On the IBM's personally I don't check PC/XT/AT's for viruses, but software
                installed onto anything newer gets scanned before installation onto a vintage
                computer.

                I am curious as to your opinions.  Has anyone ever encountered a Commodore
                virus?  Atari? Tandy?
              • Jim Scheef
                Bill, To paraphrase the resident computer security expert in my computer club, safe hex is about knowing who you are sleeping with (should be with whom you
                Message 7 of 8 , Oct 21, 2005
                  Bill,

                  To paraphrase the resident computer 'security expert' in my computer club,
                  safe hex is about knowing who you are sleeping with (should be with whom you
                  are sleeping, but never mind). Early viruses (viri?) were almost exclusively
                  spread by boot sector, so never boot from an untrusted floppy. In my (very)
                  limited experience, viri were a bigger problem on Macs than PCs in the early
                  days because the interns played games on our departmental Mac so any disk you
                  inserted was instantly infected.

                  This is a problem I had not considered before. While there may be viri 'out
                  there' that run on many vintage machines, where would you find a 'current'
                  version of anti-virus scanner software? And can the source of such software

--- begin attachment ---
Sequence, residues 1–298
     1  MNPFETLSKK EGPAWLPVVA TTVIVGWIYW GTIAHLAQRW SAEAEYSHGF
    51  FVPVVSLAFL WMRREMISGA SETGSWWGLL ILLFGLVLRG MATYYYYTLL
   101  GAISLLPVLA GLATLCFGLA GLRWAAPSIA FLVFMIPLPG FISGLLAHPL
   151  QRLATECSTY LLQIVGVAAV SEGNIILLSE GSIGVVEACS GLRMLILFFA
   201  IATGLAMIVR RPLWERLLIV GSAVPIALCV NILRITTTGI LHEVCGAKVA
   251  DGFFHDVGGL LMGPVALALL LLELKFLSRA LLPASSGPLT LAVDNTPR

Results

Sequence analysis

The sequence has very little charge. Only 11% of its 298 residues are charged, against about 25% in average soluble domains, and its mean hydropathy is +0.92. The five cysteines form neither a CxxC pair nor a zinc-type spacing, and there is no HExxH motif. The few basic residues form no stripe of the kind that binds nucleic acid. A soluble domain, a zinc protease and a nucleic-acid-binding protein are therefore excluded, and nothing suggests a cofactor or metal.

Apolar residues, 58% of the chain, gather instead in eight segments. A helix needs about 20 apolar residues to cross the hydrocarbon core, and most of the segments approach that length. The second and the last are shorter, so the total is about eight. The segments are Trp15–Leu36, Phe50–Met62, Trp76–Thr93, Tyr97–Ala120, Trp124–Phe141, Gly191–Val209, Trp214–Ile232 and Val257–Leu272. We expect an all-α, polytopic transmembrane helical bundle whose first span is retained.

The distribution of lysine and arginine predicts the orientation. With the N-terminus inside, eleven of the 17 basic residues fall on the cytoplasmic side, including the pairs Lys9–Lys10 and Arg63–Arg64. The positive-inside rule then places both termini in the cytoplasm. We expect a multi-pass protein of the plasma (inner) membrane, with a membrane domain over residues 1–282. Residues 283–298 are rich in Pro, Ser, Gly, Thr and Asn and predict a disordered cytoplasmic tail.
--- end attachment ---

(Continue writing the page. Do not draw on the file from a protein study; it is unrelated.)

be trusted?! How do you scan the scanner?

                  Jim

                  --- billdeg@... wrote:

                  > At what point does everyone check software to be installed onto one of your
                  >
                  > classic/vintage computer systems.
                  >
                  > How prevalent are viruses on the Apple II GS? I am curious about how far
                  > back (what models) do you start worrying about viruses on an Apple/MAC?
                  >
                  > On the IBM's personally I don't check PC/XT/AT's for viruses, but software
                  > installed onto anything newer gets scanned before installation onto a
                  > vintage
                  > computer.
                  >
                  > I am curious as to your opinions. Has anyone ever encountered a Commodore
                  > virus? Atari? Tandy?
                  >
                • relayer
                  That s what I think everytime I see someone installing Norton AV. It loads down the system more than a resource eating virus.
                  Message 8 of 8 , Oct 21, 2005
                    That's what I think everytime I see someone installing Norton AV. It
                    loads down the system more than a resource eating virus.

                    > be trusted?! How do you scan the scanner?
                  Your message has been successfully submitted and would be delivered to recipients shortly.